How the Chinese Government Fabricates Social Media Posts for Strategic Distraction, not Engaged Argument

Abstract

The Chinese government has long been suspected of hiring as many as 2,000,000 people to surreptitiously insert huge numbers of pseudonymous and other deceptive writings into the stream of real social media posts, as if they were the genuine opinions of ordinary people. Many academics, and most journalists and activists, claim that these so-called “50c party” posts vociferously argue for the government’s side in political and policy debates. As we show, this is also true of the vast majority of posts openly accused on social media of being 50c. Yet, almost no systematic empirical evidence exists for this claim, or, more importantly, for the Chinese regime’s strategic objective in pursuing this activity. In the first large scale empirical analysis of this operation, we show how to identify the secretive authors of these posts, the posts written by them, and their content. We estimate that the government fabricates and posts about 448 million social media comments a year. In contrast to prior claims, we show that the Chinese regime’s strategy is to avoid arguing with skeptics of the party and the government, and to not even discuss controversial issues. We infer that the goal of this massive secretive operation is instead to regularly distract the public and change the subject, as most of the these posts involve cheerleading for China, the revolutionary history of the Communist Party, or other symbols of the regime. We discuss how these results fit with what is known about the Chinese censorship program, and suggest how they may change our broader theoretical understanding of “common knowledge” and information control in authoritarian regimes. ∗Our thanks to Neel Guha, Peter Dyrud, Yingjie Fan, and many others for superb research assistance; Danielle Allen, Peter Bol, Becky Fair, Chase Harrison, Franziska Keller, Blake Miller, Jean Oi, Samantha Ravich, Daniela Stockmann, Andy Walder, Yuhua Wang, Chaodan Zheng, and Yun Zhu for helpful comments; and DARPA (contract W31P4Q-13-C-0055/983-3) and the National Science Foundation (grant 1500086) for research support. †Authors are listed alphabetically. ‡Albert J. Weatherhead III University Professor, Institute for Quantitative Social Science, 1737 Cambridge Street, Harvard University, Cambridge MA 02138; GaryKing.org, King@Harvard.edu, (617) 5007570. §Assistant Professor, Department of Communication, 450 Serra Mall, Building 120, Stanford University, Stanford CA 94304; http://people.fas.harvard.edu/∼jjpan/, (917) 740-5726. ¶Assistant Professor, Department of Political Science, University of California, San Diego, Social Sciences Building 301, 9500 Gilman Drive, #0521, La Jolla, CA 92093-0521, meroberts@ucsd.edu, MargaretRoberts.net.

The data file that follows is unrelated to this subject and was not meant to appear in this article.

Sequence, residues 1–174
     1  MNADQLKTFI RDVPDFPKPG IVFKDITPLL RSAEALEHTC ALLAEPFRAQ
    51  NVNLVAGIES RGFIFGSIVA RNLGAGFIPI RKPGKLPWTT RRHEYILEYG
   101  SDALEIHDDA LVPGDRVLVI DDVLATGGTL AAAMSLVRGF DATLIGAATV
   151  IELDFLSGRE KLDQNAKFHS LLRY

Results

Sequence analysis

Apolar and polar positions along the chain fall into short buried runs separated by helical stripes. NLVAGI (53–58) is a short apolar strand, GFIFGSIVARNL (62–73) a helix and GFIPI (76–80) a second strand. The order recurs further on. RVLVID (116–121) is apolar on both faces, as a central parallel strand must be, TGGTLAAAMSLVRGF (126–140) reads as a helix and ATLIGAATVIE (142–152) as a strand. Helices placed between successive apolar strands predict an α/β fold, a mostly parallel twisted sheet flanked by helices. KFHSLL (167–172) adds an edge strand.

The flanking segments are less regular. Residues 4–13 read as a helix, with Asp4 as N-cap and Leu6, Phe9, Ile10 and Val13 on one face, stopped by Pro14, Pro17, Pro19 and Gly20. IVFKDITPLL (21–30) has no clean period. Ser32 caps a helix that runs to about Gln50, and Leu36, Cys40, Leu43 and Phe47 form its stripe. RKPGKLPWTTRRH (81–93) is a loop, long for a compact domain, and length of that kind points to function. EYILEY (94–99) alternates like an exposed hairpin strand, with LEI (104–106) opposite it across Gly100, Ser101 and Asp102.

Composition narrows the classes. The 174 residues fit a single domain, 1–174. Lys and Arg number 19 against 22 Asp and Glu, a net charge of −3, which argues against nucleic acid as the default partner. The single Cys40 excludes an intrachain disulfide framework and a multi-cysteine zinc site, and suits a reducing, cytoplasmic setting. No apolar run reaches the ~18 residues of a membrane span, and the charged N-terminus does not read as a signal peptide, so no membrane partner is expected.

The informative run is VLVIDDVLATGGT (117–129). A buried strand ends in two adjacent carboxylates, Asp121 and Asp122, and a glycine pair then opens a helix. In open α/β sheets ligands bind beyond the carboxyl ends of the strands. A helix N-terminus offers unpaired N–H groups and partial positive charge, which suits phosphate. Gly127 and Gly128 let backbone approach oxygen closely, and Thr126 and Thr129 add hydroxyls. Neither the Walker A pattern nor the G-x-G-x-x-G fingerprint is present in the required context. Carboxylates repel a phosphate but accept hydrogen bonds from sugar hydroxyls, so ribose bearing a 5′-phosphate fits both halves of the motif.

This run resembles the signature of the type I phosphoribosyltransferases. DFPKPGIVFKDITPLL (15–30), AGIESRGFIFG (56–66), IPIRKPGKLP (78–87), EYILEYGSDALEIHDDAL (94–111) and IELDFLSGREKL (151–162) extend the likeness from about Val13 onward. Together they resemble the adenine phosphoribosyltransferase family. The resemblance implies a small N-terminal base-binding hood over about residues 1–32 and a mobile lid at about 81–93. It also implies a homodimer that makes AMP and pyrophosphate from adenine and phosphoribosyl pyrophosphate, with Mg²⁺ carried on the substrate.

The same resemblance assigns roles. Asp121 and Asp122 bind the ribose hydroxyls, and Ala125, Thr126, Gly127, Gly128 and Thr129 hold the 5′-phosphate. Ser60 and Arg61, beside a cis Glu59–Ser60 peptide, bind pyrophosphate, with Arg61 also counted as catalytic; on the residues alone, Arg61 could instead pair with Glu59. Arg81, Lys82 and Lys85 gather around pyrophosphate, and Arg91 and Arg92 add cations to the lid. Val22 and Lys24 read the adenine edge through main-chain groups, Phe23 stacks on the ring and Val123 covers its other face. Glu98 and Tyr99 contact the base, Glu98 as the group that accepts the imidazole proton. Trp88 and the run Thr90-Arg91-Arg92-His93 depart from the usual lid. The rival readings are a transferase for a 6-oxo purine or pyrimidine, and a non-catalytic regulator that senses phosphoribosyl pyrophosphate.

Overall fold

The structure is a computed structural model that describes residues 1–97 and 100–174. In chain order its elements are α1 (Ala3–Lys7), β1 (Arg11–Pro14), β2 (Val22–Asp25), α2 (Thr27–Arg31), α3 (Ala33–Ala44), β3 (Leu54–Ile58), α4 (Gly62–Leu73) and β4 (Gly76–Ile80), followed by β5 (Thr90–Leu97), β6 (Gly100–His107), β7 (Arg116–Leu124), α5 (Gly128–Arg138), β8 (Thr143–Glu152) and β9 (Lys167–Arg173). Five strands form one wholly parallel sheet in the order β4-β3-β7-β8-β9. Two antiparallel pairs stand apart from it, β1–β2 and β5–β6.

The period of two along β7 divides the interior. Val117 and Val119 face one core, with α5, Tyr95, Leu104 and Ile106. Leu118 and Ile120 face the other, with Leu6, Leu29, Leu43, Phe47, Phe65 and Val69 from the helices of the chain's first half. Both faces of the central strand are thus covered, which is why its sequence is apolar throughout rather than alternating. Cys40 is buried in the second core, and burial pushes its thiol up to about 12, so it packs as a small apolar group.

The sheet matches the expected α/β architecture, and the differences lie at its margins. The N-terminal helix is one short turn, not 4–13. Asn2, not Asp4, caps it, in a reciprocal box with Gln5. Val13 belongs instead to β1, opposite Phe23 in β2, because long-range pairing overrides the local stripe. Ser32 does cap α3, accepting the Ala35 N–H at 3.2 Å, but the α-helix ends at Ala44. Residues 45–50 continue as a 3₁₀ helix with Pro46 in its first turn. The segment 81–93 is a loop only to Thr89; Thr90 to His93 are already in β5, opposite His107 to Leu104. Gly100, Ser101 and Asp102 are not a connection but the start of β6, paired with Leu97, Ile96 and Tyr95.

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@inproceedings{King2016HowTC, title={How the Chinese Government Fabricates Social Media Posts for Strategic Distraction, not Engaged Argument}, author={Gary King and Jennifer R. Pan and Margaret E. Roberts and Daniela Stockmann and Andy Walder and Yuhua Wang}, year={2016} }